Poetry Explorer- Classic Contemporary Poetry, THE LINTWHITE, by JAMES SMITH (1824-)



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THE LINTWHITE, by            
First Line: A lintwhite sat in her mossy nest
Last Line: "why tarries my love sae lang?"
Subject(s): Birds


A LINTWHITE sat in her mossy nest,
Ae eerie morn in spring,
An' lang she look'd at the cauld grey lift,
Wi' the wee birds under her wing.
An' aye as she lookit, wi' shiverin' breist
Sae waesomely she sang:
"O tell me true, ye winds that blaw,
Why tarries my love sae lang?

"I've socht him down i' the fairy glen,
An' far owre the lanely lea; --
I've socht him down i' yon saft green yird,
An' high on the birken tree; --
I've socht till the wee things cried me hame,
Wi' mony a heavy pang;
O tell me true, ye winds that blaw,
Why tarries my love sae lang?"

"O waly!" the norland breezes moan'd,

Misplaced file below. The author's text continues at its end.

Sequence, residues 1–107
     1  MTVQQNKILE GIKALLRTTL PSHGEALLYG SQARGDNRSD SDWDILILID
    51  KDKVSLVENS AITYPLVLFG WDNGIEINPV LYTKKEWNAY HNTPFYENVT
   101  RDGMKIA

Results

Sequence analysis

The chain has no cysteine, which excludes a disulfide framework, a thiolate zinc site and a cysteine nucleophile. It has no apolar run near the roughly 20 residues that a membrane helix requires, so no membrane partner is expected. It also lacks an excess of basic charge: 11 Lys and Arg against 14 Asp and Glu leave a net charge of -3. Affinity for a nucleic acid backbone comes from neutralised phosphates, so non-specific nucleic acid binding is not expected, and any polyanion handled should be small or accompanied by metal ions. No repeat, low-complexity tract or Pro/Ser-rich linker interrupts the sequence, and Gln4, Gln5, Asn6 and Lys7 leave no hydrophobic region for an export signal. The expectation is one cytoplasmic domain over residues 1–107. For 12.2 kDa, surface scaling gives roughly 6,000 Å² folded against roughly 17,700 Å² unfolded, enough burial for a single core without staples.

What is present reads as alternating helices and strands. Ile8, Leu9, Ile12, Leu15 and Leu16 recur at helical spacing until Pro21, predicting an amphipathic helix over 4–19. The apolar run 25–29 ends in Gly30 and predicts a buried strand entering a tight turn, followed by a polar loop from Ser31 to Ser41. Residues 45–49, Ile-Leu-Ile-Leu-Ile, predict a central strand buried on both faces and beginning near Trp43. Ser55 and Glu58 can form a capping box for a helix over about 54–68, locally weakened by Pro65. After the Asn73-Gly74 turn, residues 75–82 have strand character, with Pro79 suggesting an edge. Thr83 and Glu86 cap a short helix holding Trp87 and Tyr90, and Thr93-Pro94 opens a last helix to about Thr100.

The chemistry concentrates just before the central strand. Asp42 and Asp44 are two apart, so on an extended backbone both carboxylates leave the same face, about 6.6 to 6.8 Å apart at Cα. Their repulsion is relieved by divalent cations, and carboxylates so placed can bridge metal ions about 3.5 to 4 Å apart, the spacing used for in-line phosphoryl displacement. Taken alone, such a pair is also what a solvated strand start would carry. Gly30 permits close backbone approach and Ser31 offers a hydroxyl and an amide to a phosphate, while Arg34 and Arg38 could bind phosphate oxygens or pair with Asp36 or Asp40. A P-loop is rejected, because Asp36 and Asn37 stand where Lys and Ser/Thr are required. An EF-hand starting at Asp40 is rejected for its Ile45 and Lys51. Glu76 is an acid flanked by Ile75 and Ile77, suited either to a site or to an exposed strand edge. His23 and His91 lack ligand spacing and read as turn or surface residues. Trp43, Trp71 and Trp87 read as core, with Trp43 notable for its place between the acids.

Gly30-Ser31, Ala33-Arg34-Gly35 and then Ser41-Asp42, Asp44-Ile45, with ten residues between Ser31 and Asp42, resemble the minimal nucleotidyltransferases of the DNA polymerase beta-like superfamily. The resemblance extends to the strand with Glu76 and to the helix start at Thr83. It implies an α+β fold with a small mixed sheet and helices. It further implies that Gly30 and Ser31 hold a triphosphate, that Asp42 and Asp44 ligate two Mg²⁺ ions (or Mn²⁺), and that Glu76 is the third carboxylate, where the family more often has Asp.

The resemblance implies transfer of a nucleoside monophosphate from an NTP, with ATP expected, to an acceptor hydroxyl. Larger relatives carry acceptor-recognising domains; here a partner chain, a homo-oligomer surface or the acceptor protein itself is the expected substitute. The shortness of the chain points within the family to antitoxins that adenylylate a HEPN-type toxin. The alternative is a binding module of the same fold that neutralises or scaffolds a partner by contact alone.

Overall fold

"Sae weel may thy heart be sair;
For the hawk's awa' with thy ain true love,
An' he'll sing thee a sang nae mair!
Fu' wae was his fate on yon auld aik tree,
That aft wi' his warblin' rang!
Noo speir nae mair, wee shiverin' bird,
Why tarries thy love sae lang!"

The lintwhite flew frae her mossy nest,
For she couldna thole the sting;
An' she flichter'd east, and she flichter'd west,
Till she droukit her downy wing;
An' aye as she flutter'd the lee-lang day,
Sae wild an' sae shrill she sang:
"O tell me -- tell me true, ye winds,
Why tarries my love sae lang?"





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